RANGOON — While observers are positive about the economic outlook as Burma enters a new fiscal year, the Asian Development Bank (ADB) and the International Monetary Fund (IMF) both predict rising inflation, pushing the cost of living up for the country’s mostly poor population.
The ADB on Tuesday released its annual Asian Development Outlook report, estimating that Burma’s gross domestic product grew by 7.5 percent in 2013-14 and predicting higher growth of 7.8 percent both this year and next.
“Growth [in 2013] was supported by rising investment propelled by improved business confidence, commodity exports, buoyant tourism, and credit growth, complemented by the government’s ambitious, structural reform program,” the Bank said. It noted that, with new offshore natural gas fields now online, gas now makes up 40 percent of the value of Burma’s exports, or US$3.6 billion a year.
President Thein Sein—who has overseen political and economic reforms since coming to power three years ago—said in January that the government was aiming for 9.1 percent economic growth in the current fiscal year, which began Tuesday.
But with rapid growth and investment from overseas predicted to continue, the ADB also said that prices are rising in Burma. The Central Bank, which has only recently begun moving away from direct government control, still has limited levers with which to prevent a return to the uncontrolled inflation that was common in Burma before the country began its transition from military rule.
Inflation was 5.8 percent in 2013-14, and would accelerate to 6.6 percent and 6.9 percent in 2014-15 and 2015-16, respectively, the ADB said. “Factors contributing to inflation include a boost to public sector wages, higher electricity tariffs, and rising property prices in cities,” it said.
The Burmese currency, the kyat, has depreciated by 11 percent since it was floated April 2013, the ADB said. Other pressures on consumers have been higher food prices and soaring rents, especially in the commercial capital of Rangoon. The price of electricity, which is heavily subsidized, has also just been raised to anger of some groups of citizens.
The IMF on March 28 also published a report on Burma’s economy by members of the fund’s staff who are working closely with the Central Bank of Myanmar (CBM). The report reiterated the IMF’s prediction of 7.75 percent growth this year “as construction accelerates and services growth remains strong.”
“However,” said the IMF report, “inflation is forecast to reach 7 percent [this fiscal year], fueled by electricity prices and demand pressures.”
The IMF said inflation and the exchange rate of the kyat were a risk to the economy in the short term. “Should anticipated foreign exchange inflows not materialize soon, or be kept outside the CBM, its thin reserve cushion would be insufficient to resist short-term exchange rate pressures.”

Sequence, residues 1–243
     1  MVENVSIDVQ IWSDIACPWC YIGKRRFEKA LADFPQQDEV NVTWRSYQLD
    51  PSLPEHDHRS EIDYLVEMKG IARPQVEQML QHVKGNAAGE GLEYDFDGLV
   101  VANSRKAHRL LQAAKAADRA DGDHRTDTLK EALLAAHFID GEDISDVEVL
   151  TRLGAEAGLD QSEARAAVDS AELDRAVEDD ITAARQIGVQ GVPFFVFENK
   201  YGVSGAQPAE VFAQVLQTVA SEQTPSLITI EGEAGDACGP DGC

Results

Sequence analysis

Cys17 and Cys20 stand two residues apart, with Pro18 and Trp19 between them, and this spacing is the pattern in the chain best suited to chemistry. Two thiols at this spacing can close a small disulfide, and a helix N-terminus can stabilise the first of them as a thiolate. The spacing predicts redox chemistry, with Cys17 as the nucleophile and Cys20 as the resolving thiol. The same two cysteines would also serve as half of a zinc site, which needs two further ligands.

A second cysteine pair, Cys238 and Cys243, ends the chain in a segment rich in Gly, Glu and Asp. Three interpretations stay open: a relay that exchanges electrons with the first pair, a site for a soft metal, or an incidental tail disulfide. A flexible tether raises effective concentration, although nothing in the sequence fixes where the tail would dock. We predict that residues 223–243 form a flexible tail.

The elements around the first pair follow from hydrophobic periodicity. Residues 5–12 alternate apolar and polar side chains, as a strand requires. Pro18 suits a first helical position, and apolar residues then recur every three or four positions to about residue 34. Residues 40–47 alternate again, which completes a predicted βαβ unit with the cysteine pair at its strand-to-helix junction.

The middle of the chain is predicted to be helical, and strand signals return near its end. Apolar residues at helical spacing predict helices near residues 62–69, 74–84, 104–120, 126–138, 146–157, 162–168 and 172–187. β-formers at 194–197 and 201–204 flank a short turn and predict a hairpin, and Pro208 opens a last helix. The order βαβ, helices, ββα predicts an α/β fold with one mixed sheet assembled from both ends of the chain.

A new law enacted in July 2013 separates the Central Bank from the Ministry of Finance, a move intended to avoid political meddling with the monetary system. But the IMF said autonomy would not become a reality until 2015-16, and said the Central Bank did not yet have the ability to regulate the monetary system.
“Monetary policy tools need to be developed urgently to counter inflationary pressures,” it said, advising that the Central Bank needed more money to do its job.
A Central Bank official, who spoke to The Irrawaddy on condition of anonymity, said that in a fast-growing economy like Burma, the current level of inflation is not especially high—and is far lower than “double-digit” levels seen under the country’s previous military regimes. However, the official admitted that the rate does need to be controlled in order to protect the poor from higher prices that would impact their cost of living.
“It is not really abnormal, but we have to come up with some measures,” the official said. “We’re going to take all possible measures to control this increasing inflation, although we don’t have that many instruments.”
The official explained that the current levers at the bank’s disposal were deposit auctions—the central bank can offer banks higher interest rates on deposits in order to take money out of the economy—and bank reserve requirements. He said the central bank was currently “revising” its method of enforcing reserve requirements in the financial sector—the proportion of money that private banks must keep in reserve and not lend out—in an effort to tighten up lending.
According to the IMF, lending in the private banking sector has been growing “apace”—in October 2013 it was 56 percent higher than a year earlier. The IMF said lending is expected to “moderate to around 30 percent by 2014/15.”
“We’re trying to take money out of the system,” the official said, adding that the Central Bank was also working with the Ministry of Finance to address the growing cost of living.
“It’s a trade-off between controlling inflation and facilitating growth in the market.”